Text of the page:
|18 enter pleas in Fort Benning protest|
COLUMBUS, Ga. - Eighteen of 37 protesters facing prison terms for trespassing on Fort Benning had their day in U.S. District Court on Monday.
Eight pleaded guilty and 10 entered pleas of innocent to trespassing charges but admitted by stipulation that they crossed onto the post. Thousands of protesters marched to Fort Benning's gates Nov. 18 to demonstrate against the former School of the Americas, a training school for Latin American soldiers that was reborn more than 18 months ago as the Western Hemisphere Institute for Security Cooperation.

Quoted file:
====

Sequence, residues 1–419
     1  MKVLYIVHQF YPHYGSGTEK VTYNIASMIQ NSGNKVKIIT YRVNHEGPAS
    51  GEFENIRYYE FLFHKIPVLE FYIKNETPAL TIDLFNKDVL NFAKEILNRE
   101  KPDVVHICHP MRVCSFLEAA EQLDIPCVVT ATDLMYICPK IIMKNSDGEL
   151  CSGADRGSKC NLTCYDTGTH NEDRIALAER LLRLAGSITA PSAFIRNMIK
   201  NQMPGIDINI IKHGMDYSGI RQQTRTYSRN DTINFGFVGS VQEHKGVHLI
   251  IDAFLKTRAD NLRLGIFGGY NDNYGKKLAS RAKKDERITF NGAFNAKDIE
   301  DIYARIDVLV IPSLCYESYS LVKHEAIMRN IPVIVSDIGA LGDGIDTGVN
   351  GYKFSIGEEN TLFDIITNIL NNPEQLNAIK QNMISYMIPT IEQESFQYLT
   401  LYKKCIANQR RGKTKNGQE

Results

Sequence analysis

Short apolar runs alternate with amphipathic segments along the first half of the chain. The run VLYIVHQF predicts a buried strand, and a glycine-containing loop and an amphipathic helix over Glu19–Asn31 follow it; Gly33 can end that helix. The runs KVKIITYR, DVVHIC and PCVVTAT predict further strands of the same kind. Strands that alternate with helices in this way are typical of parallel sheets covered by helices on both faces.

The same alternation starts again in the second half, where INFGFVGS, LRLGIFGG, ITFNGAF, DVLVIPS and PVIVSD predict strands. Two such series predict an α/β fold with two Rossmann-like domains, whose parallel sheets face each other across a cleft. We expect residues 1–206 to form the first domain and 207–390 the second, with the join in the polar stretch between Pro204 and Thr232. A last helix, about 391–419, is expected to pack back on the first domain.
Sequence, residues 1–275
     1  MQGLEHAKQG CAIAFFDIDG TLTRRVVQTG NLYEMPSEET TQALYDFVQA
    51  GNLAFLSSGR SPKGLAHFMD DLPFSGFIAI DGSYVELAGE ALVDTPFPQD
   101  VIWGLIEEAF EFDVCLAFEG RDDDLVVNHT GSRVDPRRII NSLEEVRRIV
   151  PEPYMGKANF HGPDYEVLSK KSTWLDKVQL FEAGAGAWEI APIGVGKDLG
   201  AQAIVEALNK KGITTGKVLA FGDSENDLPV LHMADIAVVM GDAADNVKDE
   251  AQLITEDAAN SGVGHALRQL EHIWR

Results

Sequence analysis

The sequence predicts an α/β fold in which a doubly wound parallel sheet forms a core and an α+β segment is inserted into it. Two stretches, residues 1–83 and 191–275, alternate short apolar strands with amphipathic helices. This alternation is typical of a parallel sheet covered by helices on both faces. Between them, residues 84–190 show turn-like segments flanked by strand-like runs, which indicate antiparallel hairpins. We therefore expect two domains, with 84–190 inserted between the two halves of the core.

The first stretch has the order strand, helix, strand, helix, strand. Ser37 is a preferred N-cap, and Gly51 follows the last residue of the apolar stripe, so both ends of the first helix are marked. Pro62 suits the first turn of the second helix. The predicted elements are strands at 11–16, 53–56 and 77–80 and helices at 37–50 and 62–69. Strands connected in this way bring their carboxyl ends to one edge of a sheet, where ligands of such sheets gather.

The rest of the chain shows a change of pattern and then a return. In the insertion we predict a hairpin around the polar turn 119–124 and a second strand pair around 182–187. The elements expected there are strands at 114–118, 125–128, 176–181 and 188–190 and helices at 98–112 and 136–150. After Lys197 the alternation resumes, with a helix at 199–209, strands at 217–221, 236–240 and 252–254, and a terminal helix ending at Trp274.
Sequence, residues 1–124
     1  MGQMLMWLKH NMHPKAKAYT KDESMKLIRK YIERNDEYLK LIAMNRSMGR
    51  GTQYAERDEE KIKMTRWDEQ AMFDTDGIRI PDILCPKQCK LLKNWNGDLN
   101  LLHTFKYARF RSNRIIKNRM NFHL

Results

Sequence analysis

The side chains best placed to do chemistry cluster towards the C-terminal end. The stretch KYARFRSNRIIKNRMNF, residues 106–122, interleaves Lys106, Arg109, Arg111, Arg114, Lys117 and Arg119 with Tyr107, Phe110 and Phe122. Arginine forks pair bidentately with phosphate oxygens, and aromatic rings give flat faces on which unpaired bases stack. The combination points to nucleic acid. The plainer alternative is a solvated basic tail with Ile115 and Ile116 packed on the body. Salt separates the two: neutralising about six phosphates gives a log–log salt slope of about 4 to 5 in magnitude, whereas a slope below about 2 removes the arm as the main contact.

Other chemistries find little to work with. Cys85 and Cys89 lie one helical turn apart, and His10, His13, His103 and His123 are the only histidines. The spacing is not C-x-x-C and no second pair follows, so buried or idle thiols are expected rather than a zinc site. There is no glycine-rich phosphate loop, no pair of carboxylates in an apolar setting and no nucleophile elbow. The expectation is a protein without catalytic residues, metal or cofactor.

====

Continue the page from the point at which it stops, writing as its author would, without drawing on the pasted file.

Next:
Those who were charged with crossing the gates said they were driven by conscience.
"I am very angry that it exists," said 23-year-old Brigid Conarchy about the school, which protesters allege trained soldiers who later committed atrocities. "It's very difficult for me to be proud of what goes on there."
U.S. Magistrate G. Mallon Faircloth presented the defendants with copies of the congressional acts that created the School of the Americas and later replaced it with the institute.
The change was brought about through the democratic process, Faircloth said, not by people who took the law into their own hands.
"I ask you to determine whether the democratic process has worked and is working," he said.
Court proceedings continue on Tuesday. At least five of the remaining 19 defendants are expected to demand bench trials, requiring federal prosecutors to present proof that they violated federal law by trespassing on Fort Benning property.
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